The Cost of Speed Limits

By the year 3031, the ICPC has become so popular that a whole new town has to be built to house all the World Finals teams. The town is beautifully designed, complete with a road network. Unfortunately, when preparing the budget, the town planners forgot to take into account the cost of speed-limit signs. They have asked you to help them determine the minimum additional funds they will need.

The ICPC road network consists of roads, each connecting two intersections. Each road is two-way and has already been assigned a speed limit, valid for both directions. To save money, the minimum possible number of roads was used. In other words, there is exactly one route from any intersection to any other intersection.

The speed-limit signs need to be installed in all places where the speed limit may change for any driver that follows any route. More precisely, if there exists an intersection where at least two roads meet with different speed limits, then all of the roads going from that intersection need a speed-limit sign installed at that intersection. Note that some roads might need two speed-limit signs, one at each end.

It costs $c$ dollars to install one speed-limit sign. It is also possible to improve the safety and quality of any road so that its speed limit can be increased, which may in turn reduce the number of speed-limit signs required. It costs $x$ dollars to increase the speed limit of one road by $x$ km/h (in both directions). To avoid complaints, the town council does not allow decreasing any of the already-assigned speed limits.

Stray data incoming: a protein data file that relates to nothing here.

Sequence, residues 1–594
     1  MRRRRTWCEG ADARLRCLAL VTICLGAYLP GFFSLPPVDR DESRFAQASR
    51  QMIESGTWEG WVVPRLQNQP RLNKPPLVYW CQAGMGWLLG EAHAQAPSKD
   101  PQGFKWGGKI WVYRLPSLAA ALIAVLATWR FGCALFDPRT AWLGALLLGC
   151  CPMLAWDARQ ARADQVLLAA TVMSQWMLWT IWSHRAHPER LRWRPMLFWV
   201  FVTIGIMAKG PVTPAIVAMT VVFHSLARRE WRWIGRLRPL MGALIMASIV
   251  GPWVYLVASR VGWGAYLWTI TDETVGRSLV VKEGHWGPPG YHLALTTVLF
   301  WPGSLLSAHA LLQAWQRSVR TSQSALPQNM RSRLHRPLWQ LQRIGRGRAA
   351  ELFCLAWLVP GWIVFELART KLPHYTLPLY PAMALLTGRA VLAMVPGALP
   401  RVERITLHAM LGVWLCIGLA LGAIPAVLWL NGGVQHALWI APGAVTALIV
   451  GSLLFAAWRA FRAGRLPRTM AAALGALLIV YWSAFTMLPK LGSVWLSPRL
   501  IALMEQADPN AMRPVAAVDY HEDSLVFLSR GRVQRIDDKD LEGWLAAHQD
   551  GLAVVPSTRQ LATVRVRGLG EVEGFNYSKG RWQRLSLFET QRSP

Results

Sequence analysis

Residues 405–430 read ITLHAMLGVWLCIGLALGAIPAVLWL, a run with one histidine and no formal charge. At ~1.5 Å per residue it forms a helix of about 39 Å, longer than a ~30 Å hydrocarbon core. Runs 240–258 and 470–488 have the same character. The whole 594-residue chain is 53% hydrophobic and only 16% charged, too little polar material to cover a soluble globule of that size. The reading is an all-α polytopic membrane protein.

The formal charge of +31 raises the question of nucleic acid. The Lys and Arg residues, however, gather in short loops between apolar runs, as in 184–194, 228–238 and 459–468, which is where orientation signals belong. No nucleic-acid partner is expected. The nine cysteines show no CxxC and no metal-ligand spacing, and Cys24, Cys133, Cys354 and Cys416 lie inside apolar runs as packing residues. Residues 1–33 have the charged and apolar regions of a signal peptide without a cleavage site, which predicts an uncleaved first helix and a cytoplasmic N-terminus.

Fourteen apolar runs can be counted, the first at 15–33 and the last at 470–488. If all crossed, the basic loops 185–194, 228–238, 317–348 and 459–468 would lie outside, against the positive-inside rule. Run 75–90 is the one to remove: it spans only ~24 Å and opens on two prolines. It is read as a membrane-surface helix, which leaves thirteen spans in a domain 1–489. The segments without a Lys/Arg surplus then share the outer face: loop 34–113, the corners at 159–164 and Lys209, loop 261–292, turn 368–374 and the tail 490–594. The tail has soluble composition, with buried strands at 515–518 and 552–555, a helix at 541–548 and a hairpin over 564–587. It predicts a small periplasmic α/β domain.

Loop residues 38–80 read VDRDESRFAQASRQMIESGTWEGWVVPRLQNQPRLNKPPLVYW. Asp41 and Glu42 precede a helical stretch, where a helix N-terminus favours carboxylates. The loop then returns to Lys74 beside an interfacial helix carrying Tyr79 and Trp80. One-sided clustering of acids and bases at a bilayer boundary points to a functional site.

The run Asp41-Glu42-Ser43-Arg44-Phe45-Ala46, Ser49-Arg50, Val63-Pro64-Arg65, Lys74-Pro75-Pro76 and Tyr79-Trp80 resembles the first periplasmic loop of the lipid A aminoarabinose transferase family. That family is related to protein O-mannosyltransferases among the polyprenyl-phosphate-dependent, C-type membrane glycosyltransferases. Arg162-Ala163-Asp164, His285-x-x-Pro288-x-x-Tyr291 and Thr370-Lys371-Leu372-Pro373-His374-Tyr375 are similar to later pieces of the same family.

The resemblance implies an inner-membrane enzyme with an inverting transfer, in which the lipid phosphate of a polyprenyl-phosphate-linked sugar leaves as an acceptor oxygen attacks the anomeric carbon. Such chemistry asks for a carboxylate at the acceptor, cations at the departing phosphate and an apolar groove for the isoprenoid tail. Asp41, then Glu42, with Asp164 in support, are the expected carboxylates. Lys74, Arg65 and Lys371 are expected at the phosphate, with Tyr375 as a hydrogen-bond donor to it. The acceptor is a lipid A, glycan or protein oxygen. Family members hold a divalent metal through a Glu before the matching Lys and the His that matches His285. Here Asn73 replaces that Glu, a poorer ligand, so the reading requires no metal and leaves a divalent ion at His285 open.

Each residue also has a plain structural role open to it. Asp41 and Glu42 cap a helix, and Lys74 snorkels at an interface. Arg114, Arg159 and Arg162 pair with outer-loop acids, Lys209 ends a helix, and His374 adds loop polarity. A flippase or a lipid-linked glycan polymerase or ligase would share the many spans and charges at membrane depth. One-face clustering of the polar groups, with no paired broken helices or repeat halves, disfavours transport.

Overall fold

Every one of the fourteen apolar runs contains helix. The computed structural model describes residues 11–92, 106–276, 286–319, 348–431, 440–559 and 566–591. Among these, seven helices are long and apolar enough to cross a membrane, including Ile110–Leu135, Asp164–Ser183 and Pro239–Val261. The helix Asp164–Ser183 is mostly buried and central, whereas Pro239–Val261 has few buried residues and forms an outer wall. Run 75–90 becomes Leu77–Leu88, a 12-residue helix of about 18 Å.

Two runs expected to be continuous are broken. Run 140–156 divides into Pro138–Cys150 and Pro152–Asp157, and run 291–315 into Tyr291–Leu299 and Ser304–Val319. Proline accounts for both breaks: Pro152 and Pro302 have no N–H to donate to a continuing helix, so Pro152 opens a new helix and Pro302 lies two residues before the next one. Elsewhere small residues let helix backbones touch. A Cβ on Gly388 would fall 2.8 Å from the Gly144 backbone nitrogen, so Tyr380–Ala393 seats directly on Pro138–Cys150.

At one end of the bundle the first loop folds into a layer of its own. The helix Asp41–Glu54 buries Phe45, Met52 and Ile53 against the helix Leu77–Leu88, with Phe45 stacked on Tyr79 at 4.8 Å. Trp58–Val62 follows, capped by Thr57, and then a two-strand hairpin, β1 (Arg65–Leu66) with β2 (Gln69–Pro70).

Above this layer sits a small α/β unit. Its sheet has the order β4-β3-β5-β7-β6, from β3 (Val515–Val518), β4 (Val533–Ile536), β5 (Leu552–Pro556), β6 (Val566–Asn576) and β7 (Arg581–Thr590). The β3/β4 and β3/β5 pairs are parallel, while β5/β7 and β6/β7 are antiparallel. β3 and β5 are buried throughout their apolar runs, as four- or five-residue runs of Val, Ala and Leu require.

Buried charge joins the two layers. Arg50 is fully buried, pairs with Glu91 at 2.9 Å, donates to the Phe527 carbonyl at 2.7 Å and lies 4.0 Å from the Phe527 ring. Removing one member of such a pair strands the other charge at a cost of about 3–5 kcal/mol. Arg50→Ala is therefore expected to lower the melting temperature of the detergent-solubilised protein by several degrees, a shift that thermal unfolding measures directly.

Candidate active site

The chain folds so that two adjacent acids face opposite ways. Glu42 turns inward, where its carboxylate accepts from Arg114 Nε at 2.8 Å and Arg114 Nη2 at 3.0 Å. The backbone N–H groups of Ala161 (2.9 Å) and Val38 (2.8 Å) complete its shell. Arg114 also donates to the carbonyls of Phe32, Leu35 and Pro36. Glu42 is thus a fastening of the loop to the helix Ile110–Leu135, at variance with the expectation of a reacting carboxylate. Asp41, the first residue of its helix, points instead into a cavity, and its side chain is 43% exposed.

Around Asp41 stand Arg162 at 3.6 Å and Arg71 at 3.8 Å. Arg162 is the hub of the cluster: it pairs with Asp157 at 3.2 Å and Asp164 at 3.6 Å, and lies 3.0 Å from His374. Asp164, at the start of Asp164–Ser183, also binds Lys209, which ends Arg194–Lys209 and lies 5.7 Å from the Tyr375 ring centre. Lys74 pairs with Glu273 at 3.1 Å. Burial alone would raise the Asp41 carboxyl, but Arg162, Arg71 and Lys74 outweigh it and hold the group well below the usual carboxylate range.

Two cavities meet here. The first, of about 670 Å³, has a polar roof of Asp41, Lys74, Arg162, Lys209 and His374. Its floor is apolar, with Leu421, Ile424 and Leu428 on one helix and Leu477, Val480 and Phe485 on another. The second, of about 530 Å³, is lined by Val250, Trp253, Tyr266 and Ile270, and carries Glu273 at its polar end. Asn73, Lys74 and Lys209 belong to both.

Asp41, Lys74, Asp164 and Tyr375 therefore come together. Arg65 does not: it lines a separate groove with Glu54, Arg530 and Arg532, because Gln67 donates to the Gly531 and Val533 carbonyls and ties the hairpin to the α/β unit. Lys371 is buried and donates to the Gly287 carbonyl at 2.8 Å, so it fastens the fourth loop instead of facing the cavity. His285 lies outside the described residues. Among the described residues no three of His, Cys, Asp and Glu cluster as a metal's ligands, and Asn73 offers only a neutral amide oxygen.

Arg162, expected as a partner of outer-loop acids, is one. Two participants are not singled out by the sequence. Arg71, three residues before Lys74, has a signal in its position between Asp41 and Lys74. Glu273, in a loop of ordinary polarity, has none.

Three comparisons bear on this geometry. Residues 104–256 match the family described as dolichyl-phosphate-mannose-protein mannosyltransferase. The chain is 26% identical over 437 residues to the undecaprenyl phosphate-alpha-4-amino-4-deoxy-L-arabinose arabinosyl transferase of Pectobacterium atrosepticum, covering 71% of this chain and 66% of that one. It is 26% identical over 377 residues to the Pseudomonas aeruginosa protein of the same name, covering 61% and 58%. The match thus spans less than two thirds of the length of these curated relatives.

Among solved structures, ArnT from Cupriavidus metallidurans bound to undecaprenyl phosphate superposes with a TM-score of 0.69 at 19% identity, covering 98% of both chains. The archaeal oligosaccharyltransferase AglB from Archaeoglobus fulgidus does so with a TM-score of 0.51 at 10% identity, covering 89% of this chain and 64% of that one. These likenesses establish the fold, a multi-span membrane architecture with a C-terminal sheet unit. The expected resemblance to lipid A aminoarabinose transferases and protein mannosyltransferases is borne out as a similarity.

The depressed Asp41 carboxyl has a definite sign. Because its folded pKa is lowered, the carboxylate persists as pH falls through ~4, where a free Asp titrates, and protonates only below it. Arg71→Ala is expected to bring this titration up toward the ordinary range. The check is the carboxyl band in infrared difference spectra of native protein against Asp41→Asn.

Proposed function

Figure 1 illustrates the situation given in both Sample Input 1 and Sample Input 2.

\includegraphics[width=0.3\textwidth ]{speed-input}
(a) Town roads with originally assigned speed limits.
\includegraphics[width=0.3\textwidth ]{speed-signs}
(b) The solution to Sample Input 1 involves installing three signs and upgrading one road.
\includegraphics[width=0.3\textwidth ]{speed-upgrade}
(c) If $c$ is too high, it is possible to upgrade roads instead, so all of them have the same speed limit. Then we need no signs, as in Sample Input 2.
Figure 1: Illustration of the road network and speed limits.


The first line of input contains two integers $n$ and $c$, where $n$ ($1 \le n \le 20\, 000$) is the number of intersections and $c$ ($1 \le c \le 10^5$) is the cost of installing one sign. Each of the remaining $n-1$ lines contains three integers $u$, $v$, and $s$, where $u$ and $v$ ($1 \le u, v \le n; u \ne v$) are the intersections at the ends of a road, and $s$ ($1 \le s \le 10^5$) is the current speed limit of that road in kilometers per hour.


Output the minimum cost to upgrade roads and install speed-limit signs such that the town plan satisfies all the rules above.

Sample Input 1 Sample Output 1
5 2
1 2 10
1 3 5
1 4 7
2 5 9
Sample Input 2 Sample Output 2
5 100
1 2 10
1 3 5
1 4 7
2 5 9
CPU Time limit 4 seconds
Memory limit 1024 MB
Statistics Show
License Restricted, used with permission

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